The breadth and impact of social media can scarcely be exaggerated. In less than a decade, it has disrupted journalism, influenced global politics, and altered commerce by providing a platform for instantaneous global communication. One big problem: social media does not distinguish between fact and fiction. This has frightening implications that have already surfaced.
Social Media Lacks Fact Filters
Social media is rapidly replacing traditional media outlets. A recent research poll conducted by Pew found that 62% of Americans get their news from social media. It is estimated that 75% of Americans have social media apps on their mobile phones. This is not restricted to the US of course; social media is a global phenomenon. Facebook has approximately 1.8 billion users. YouTube, Twitter, and other social media outlets, likewise, are rapidly increasing their global footprint and user base. What happens in one corner of the world can be read, heard, and seen almost simultaneously in another.
What social media does not communicate is whether the image, video, or story is real or staged– misinformation and fact coexist. Public opinion can be easily manipulated by using misinformation to promote an agenda. Absent filters that separate fact from fiction, social media can become the most powerful propaganda tool the world has ever seen. This poses an existential threat to democratic societies and the rule of law.
The recent US election is illustrative. During the latter stages of the campaign, there were as many fake articles shared on social media as stories in mainstream sites like The New York Times and Washington Post. What passes for ‘news’ is often fabricated. In a world that increasingly relies on social media as its information source—in lieu of reputable journalism where fact checking is seminal—news and propaganda are often indistinguishable. Christian Amanpour, a respected journalist admonished: “journalism faces an ‘existential crisis,’ not just because of Trump’s attacks, but also because of the rise of fake news sites, and the increasing difficulty of distinguishing fact from fiction on social media.”
The Role Of Lawyers
Lawyers have long fought to preserve a free press and to defend its vital whistleblower role. Whatever failings and biases traditional media has, it distinguishes fact from falsehood. With the rapid eclipse of mainstream journalism by social media as the predominant ‘news’ source, lawyers must broaden their defense of a free, vigorous, and whistle-blowing press. This requires that they advocate for social media filtering mechanisms designed to expose misinformation cloaked in the robe of fact. Without rules and guidelines in place, social media is a rogue platform with nuclear capability.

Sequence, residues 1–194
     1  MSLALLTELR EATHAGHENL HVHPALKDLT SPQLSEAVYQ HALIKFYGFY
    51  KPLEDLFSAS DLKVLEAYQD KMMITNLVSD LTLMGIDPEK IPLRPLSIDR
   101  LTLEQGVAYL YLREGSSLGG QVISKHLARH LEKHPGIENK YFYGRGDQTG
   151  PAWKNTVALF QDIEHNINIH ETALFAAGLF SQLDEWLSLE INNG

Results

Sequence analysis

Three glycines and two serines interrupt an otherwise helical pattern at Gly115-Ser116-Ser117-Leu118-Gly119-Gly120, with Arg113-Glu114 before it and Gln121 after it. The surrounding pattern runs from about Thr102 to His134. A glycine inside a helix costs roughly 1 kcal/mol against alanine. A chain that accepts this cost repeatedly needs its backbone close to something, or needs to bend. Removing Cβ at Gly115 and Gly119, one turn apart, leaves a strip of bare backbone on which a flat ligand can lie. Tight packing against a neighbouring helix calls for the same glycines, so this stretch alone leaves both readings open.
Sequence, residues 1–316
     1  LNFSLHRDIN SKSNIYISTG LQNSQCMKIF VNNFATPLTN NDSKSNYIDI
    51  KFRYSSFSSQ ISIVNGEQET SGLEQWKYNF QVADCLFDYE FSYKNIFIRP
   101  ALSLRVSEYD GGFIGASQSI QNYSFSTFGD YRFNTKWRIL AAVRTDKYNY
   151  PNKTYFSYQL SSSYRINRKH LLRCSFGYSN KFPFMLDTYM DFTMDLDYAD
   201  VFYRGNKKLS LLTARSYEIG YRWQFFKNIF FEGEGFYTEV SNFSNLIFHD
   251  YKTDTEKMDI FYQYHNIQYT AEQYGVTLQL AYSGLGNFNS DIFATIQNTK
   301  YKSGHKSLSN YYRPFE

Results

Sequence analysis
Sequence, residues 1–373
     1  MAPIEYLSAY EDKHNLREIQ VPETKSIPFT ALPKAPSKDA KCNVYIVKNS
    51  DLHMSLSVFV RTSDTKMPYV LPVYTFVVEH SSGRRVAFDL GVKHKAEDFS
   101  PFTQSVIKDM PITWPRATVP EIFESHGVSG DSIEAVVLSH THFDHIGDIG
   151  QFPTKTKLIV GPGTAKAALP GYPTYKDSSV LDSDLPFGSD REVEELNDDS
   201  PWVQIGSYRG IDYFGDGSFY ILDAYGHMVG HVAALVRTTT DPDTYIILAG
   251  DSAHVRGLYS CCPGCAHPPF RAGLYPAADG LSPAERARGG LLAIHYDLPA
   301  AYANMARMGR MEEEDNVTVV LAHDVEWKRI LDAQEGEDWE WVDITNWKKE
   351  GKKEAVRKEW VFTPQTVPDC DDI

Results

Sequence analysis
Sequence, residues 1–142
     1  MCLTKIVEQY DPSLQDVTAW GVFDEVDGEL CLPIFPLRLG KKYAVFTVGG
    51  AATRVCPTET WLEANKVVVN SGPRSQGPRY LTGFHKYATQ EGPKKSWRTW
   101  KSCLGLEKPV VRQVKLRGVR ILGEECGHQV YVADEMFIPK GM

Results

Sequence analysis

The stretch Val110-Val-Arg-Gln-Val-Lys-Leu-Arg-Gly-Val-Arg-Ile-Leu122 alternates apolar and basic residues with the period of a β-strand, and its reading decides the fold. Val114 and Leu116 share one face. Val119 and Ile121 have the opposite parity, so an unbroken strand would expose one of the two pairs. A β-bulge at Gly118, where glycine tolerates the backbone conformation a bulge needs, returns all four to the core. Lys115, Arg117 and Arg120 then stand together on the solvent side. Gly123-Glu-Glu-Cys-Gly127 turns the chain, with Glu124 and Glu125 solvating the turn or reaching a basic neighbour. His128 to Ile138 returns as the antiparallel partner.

Continued from page 2
Social Media Could Marginalize The Judicial System
Our judicial system has always had a shadow forum– the court of public opinion. This is especially so in high profile cases. The OJ Simpson murder trial, for example, was played out in the media long before it reached the courthouse. Imagine if the OJ case were tried in the social media age?
Social media presents several challenges for our judicial system. How can an impartial jury be impaneled in high-profile cases? How can jurors separate what they have seen, read, or heard on social media from the evidence presented in court? How are trial leaks contained? And what about YouTube videos that might be inadmissible at trial but are indelibly embedded in everyone’s minds because of their ubiquity on social media? The court of public opinion—with its lack of fact filters—is in session 24/7/365.
Trial proceedings, of course, are governed by rules. The hearsay rule, for example, is designed to exclude from out-of-court statements not subject to cross-examination. Trials are based upon facts—what can be established by proof—not unsupported allegations. Evidence, likewise, is admitted based upon relevance and reliability and excluded when prejudicial impact eclipses materiality. The objective is to for decisions to be fact based and upon evidence that is material, not inflammatory.
The court of public opinion that social media energizes has no such rules. Social media provides a powerful platform that lacks any of the filters that the judicial system has. And unlike the legal process that often moves excruciatingly slowly, social media promotes snap judgments by providing an unending stream of videos, images, and words. Social media has the potential to undermine the deliberate, at times cumbersome judicial process. We live in a time when people want quick, easy answers to complex problems. The legal process does not do this and, thus, is in peril of being marginalized by the court of public opinion. Combine this with social media’s emergence as the predominant ‘news’ source as well as an already flagging confidence in the judicial process and one can readily imagine the court of public opinion subverting the judicial process. How to combat this? Social media must have rules and standards designed to delineate fact from fiction. Lawyers must play a key role in this process.
The impact of social media is profound. Left without filters, social media poses a threat to any society governed by the rule of law. Lawyers, the guardians of the rule of law, must fight to ensure this does not happen. The distinction between fact and fiction is critical not only to lawyers but also to all in a free society.
Page 2 / 2